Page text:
Harry Carson turns down run for office

TRENTON, N.J. -- Pro Football Hall of Fame linebacker Harry Carson is taking a pass at running for Congress in New Jersey.

The 58-year-old retired New York Giants great told The Associated Press on Wednesday that he just doesn't have the drive he thinks is needed to do it.

"I did not have the passion to jump in with both feet and change my life and take this on with the same intensity that I played football," Carson said in a phone interview.

Democratic officials asked Carson to run against five-term Republican U.S. Rep. Scott Garrett in a northern New Jersey district. The idea became more attractive after congressional districts were redrawn this winter and Garrett, one of the state's most conservative delegation members, was left without a Democratic challenger.

Although he has never held public office, Carson could afford to bankroll his own campaign and has instant name recognition among sports fans.

"I was really flattered that so many people were urging me -- some were even begging me -- to run that really did give me reason to give it some serious thought," he said.

Carson, who has lived in New Jersey since 1982 and now resides in Franklin Lakes, had been talking to the Democratic Congressional Campaign Committee and local Democrats about the possibility of running. He told Bergen County Democratic officials on Tuesday that he had decided not to run.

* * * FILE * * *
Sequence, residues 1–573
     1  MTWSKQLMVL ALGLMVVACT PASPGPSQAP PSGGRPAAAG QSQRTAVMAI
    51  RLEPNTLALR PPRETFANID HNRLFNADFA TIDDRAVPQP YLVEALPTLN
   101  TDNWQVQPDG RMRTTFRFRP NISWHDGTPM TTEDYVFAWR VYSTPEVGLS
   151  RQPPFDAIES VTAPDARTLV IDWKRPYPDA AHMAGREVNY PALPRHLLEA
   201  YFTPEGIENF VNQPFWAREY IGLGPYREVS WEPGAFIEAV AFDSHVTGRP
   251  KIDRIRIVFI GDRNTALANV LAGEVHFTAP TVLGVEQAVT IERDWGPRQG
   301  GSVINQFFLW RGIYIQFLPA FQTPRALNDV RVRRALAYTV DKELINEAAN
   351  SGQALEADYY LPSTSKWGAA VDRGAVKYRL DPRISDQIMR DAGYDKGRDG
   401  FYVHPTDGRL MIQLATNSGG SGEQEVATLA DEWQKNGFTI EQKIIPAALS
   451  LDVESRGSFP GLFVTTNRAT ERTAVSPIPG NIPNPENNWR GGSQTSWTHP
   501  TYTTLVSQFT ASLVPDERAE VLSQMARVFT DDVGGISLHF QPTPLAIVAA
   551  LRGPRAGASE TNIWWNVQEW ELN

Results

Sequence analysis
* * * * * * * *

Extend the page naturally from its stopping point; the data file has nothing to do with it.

Josh Schwerin with the Democratic Congressional Campaign Committee declined to comment on Carson's decision specifically, but said Democrats "are bullish" on the chance of beating Garrett in November, given that the district has become more left-leaning with redistricting.

Carson spent 13 years with the Giants, from 1976 to 1988, and won a Super Bowl with the team in 1986. Since retiring, he has worked in broadcasting, written two books and started his own consulting and promotions company. He has also been an advocate for concussion awareness.

The recent deaths of his brother and stepfather-in-law made him want to ensure his family was a priority, Carson said, that would be too difficult if he ran.

"If I was 15 years younger, it might be a different situation," he said.